With the exception of the Counting House and the older waterside buildings on the western edge of the site (I think jungle was referring to the same buildings), I'd like to see the rest of the site cleared and landscaped as a new city park. A new oasis of calm (pardon the lazy cliche) in the city centre.

A public walkway along the river's edge would of course be essential in any redevelopment of the site, and a new bridge as described above by jungle would increase accessibility and open up the area. I'm not sure though whether I'd favour a continuation of the new boardwalk (almost completed) by the Grand Parade or a more natural river bank at this site.

So what's the likelihood of the city council buying the site and making it into a park?
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Re: Beamish

Postby spoil_sport » Tue Dec 09, 2008 8:30 pm

http://www.landschaftspark.de/en/home/index.php

An alternative to clearing the site...
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Re: Beamish

Postby who_me » Tue Dec 09, 2008 9:14 pm

bosco wrote:I was wandering around the area today and looking at the site from all angles confirmed what I'd love to see there. A park. This city needs more green space. Bishop Lucey park is too small and often with the crowd it attracts is not too welcoming. Fitzgeralds park is too far out of the city centre.


Funnily enough, I thought the same. Think I even posted it a few months back (nah..nah.. beat you to it!).

A public 'green' walkway along the river around the bend - either with access to Hanover St. or with a pedestrian bridge across to Crosses Green - would be great. If there is development on the rear of the site, hopefully it can be kept back from the river as much as possible.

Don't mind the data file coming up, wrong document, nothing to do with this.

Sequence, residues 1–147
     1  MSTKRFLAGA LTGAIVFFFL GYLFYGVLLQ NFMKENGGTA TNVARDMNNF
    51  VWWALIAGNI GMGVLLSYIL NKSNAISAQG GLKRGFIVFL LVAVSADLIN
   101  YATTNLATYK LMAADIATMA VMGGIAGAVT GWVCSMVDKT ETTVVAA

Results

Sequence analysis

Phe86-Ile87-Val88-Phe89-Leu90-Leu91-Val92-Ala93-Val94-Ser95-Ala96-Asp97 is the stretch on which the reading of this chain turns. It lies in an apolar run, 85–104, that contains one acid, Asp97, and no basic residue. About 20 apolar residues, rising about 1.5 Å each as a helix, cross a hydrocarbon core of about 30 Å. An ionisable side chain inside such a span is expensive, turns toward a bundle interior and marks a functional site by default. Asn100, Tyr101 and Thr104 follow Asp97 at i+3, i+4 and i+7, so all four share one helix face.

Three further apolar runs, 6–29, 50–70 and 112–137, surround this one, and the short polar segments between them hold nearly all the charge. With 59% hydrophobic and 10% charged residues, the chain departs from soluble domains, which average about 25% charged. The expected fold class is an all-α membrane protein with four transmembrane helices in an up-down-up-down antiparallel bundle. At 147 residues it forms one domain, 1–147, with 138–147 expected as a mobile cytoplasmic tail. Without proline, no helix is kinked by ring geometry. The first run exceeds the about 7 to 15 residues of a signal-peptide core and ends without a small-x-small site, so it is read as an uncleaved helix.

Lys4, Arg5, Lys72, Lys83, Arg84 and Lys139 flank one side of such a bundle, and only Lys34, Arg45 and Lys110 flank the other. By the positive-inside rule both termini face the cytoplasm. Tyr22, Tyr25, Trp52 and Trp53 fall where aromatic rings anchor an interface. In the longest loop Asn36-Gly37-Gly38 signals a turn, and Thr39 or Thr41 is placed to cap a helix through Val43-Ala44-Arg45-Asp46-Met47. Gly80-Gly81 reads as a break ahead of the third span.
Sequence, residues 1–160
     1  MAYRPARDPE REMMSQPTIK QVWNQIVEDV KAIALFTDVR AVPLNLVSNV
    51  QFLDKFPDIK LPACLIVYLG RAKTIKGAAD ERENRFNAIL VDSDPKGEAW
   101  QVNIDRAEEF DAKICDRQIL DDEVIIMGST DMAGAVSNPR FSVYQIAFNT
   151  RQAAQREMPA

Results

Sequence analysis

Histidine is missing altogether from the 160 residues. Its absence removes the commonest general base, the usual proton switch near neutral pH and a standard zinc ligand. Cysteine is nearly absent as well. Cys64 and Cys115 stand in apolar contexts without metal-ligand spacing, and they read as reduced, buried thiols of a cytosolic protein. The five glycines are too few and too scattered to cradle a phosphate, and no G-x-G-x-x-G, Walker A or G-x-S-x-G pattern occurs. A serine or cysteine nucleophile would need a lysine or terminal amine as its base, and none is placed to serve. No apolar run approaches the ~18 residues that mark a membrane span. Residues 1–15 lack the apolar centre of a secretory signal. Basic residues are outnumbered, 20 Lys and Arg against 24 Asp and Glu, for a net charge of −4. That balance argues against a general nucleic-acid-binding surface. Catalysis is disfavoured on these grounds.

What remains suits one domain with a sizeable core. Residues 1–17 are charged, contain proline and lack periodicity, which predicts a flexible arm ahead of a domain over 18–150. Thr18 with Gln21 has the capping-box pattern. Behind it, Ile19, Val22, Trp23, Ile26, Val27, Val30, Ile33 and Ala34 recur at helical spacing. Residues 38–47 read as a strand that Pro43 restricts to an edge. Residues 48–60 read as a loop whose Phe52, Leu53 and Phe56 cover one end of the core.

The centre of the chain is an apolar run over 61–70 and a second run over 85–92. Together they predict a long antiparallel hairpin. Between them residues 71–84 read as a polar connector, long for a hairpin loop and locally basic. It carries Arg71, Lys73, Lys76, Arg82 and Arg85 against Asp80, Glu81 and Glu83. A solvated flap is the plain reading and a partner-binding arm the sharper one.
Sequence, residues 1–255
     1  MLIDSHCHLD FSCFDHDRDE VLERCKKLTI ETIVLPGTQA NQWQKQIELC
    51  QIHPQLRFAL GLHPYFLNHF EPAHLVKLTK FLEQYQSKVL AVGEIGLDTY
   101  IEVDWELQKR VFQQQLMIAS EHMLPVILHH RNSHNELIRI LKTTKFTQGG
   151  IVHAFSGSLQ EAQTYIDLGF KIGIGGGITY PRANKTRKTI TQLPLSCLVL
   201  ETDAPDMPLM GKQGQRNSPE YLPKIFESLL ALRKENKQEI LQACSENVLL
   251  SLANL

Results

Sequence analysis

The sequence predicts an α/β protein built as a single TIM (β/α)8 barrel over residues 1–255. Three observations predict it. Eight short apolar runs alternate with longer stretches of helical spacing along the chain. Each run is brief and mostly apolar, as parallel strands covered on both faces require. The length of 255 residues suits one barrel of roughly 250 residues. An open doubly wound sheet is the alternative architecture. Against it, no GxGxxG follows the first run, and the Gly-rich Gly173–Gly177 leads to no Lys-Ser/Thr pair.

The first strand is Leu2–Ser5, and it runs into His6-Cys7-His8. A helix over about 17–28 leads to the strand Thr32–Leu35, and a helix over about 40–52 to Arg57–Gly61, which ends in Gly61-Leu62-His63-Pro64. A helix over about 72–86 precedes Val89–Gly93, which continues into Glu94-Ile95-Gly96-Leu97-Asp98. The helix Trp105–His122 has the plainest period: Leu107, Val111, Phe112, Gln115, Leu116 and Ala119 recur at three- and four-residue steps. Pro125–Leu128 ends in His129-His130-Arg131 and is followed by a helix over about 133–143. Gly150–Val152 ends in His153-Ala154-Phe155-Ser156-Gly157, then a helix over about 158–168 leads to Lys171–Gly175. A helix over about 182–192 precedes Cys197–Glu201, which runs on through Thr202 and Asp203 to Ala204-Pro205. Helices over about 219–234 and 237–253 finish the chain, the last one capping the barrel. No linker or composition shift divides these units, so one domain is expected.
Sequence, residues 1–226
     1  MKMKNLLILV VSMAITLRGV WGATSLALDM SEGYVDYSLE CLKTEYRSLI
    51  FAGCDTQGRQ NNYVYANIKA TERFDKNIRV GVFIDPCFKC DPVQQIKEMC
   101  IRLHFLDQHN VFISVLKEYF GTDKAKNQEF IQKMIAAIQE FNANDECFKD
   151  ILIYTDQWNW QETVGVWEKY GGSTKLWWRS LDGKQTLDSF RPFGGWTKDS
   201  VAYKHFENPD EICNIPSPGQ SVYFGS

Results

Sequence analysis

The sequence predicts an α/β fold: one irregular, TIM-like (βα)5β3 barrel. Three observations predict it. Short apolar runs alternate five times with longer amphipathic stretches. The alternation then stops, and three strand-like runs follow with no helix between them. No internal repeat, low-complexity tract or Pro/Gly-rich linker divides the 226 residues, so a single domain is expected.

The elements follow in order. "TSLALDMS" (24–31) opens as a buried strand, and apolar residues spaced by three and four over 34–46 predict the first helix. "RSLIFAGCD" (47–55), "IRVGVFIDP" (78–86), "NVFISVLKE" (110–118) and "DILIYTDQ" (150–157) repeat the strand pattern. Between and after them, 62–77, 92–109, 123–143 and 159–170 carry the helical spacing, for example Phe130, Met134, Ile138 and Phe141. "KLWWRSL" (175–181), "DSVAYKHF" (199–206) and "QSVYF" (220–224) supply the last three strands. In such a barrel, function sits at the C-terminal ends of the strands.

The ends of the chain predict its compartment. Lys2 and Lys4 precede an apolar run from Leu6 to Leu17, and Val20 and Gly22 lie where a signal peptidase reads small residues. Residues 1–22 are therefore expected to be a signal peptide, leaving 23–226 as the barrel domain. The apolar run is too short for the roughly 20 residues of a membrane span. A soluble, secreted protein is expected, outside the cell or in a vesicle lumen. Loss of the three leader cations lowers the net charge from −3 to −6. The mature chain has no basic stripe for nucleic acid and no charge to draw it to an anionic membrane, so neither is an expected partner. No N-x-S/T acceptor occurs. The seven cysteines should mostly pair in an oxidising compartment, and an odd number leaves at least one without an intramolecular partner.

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Re: Beamish

Postby corkblow-in » Wed Dec 10, 2008 12:40 pm

Hate to bring a note of pessimism to the thread....but the most likely senario for the site is a pack-em-in developer getting their hands on it and arguing for a reduction in green space due to the fact they 'have' to keep the main building. I would have no faith in the City Council's ability to reign in one of the usual suspects.

Maybe Heineken should hold a competition for a combined design / bid for the betterment of the city - they need all the good PR they can get.
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Re: Beamish

Postby jdivision » Wed Dec 10, 2008 3:21 pm

A lot of developers will be put off by nature of the site. Access will be a serious issue and no chance I'd say of putting underground parking on it.
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Re: Beamish

Postby Pug » Thu Dec 11, 2008 10:01 am

yeah i suppose flooding risk too mightnt be the most attractive, i'd say theres a few archaeologists chomping at the bit to get into that site, its in the older part of the city
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Re: Beamish

Postby who_me » Fri Dec 12, 2008 4:34 pm

corkblow-in wrote:Hate to bring a note of pessimism to the thread


Don't worry, I think we're all realists. There were a few buildings knocked in recent years which lead us to think "wow, how wonderful it would be for the city if we had a park right there in the city centre", but knowing there's a better chance of nuclear waste dump than a park there! ;)
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Re: Beamish

Postby who_me » Fri Dec 12, 2008 4:36 pm